A taxpayer thinks his information is worth the whistle. The IRS says the information is not worth the dust which the rude wind blows in the taxpayer’s face…or something along those Shakespearean lines. Who’s right?
In general, tax law provides for two levels of whistleblower awards. If the taxes, penalties, interest, and other amounts in dispute exceed $2 million, and the whistleblower’s information substantially contributed to the collection of the amounts in dispute, the payment ranges between 15-30% of the amount collected. (One other threshold: If the case deals with an individual, the individual’s annual gross income must be more than $200,000.)
In cases when the dollar thresholds of $2 million in dispute or less than $200,000 of gross income for individual taxpayers, the awards are discretionary, with a maximum award of 15%, up to $10 million.
In 148 T.C. No. 21 (Smith), the taxpayer gave the IRS information about a business that was exchanging products or services for gift certificates and not including the barter transactions as business income. The taxpayer also reported that customers’ gift certificates were given to employees as compensation and that the value of the gift certificates was not included on Forms W-2, Wage and Tax Statement.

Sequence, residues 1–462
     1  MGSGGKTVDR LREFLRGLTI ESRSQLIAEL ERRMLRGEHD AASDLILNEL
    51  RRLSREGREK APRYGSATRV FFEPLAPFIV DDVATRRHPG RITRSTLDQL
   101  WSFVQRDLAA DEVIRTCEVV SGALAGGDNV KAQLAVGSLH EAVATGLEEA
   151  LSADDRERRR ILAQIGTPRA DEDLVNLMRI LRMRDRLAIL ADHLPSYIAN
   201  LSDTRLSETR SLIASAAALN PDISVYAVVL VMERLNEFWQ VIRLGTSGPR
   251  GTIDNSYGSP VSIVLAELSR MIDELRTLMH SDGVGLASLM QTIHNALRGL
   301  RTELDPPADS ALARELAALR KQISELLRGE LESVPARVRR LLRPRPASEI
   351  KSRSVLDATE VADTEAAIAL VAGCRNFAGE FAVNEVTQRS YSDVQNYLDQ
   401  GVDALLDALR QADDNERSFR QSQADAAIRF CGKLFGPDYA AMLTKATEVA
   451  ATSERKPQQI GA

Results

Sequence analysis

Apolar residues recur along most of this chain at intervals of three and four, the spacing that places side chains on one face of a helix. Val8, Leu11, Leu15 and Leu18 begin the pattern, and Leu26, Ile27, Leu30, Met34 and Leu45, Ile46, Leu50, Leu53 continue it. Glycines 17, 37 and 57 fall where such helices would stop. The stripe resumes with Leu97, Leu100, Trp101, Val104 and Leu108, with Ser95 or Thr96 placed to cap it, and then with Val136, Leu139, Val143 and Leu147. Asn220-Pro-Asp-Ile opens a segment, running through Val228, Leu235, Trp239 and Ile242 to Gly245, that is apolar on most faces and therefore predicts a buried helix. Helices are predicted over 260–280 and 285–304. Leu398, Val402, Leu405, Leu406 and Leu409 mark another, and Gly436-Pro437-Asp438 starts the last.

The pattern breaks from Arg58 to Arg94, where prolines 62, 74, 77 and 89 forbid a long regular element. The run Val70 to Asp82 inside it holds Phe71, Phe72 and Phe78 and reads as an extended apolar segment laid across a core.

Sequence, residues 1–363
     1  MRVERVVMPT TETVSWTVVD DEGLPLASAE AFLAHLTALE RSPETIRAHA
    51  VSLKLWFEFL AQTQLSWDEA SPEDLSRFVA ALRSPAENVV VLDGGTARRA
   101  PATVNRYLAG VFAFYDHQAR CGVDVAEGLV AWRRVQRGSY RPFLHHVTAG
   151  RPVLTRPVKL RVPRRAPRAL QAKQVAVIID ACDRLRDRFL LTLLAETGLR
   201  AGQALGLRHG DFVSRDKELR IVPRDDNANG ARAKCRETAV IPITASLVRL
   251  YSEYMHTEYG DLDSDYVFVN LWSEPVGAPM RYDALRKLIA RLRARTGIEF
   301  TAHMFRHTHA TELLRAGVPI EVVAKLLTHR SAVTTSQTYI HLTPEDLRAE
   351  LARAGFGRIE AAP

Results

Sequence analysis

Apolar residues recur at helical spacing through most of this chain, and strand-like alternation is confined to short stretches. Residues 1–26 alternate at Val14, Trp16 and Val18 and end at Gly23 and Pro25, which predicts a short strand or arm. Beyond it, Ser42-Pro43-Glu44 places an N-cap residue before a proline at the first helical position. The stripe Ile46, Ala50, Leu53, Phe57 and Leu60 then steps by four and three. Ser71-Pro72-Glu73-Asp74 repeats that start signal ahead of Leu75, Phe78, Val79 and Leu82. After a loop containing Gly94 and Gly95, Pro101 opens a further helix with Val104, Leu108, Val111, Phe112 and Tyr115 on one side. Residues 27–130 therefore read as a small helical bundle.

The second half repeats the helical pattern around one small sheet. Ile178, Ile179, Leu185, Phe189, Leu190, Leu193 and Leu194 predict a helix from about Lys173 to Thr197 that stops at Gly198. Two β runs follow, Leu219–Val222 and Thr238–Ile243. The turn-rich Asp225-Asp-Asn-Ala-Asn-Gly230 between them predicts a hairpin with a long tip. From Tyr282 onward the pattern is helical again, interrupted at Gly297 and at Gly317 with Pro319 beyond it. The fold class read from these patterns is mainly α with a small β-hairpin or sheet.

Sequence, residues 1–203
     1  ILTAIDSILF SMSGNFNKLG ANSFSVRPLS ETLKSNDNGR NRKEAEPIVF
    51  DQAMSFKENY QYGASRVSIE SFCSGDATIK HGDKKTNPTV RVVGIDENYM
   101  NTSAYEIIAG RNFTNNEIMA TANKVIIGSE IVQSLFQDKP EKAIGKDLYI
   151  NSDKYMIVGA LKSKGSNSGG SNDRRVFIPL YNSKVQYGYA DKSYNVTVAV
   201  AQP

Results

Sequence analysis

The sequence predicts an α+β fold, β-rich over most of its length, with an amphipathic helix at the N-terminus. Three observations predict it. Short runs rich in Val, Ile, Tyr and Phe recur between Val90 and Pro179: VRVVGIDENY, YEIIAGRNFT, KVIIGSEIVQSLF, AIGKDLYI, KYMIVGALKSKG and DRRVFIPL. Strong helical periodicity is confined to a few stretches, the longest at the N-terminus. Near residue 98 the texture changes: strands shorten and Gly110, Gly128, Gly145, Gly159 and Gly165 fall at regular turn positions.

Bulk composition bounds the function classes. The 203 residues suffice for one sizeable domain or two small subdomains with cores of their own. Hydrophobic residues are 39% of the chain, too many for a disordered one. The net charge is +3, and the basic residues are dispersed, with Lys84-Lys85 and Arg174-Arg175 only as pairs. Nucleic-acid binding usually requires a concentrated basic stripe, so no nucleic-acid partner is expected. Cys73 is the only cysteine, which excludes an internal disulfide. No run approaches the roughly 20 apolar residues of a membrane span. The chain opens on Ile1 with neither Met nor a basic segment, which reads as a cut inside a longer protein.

Using the taxpayer’s whistleblower information, the IRS initiated both an employment tax audit and an income tax audit of the business the taxpayer had identified.
As a result of the employment tax audit, the business agreed to pay employment tax liabilities of approximately $3.1 million. On the same date, the business also agreed to pay employment tax penalties of $618,838. The IRS attributed $496,095 of the collected employment taxes directly to information provided by the taxpayer’s whistleblower claim.
As a result of the income tax audit, the total income tax deficiency ultimately agreed to and paid was approximately $14.6 million. The IRS noted that $1,593,024 was attributable to the information in the taxpayer’s whistleblower claim because the taxpayer’s information substantially contributed to the actions taken on several general ledger accounts that had been selected for scrutiny based on that information.
To determine the size of the taxpayer’s whistleblower award, the IRS reviewed the adjustments made in both audits. The IRS determined that collected proceeds subject to a whistleblower award for the employment taxes totaled $1,777,912 instead of $496,095. The increase arose because the review analysis included gift certificates and other items not specifically tied to the bartering but that generated employment tax liability.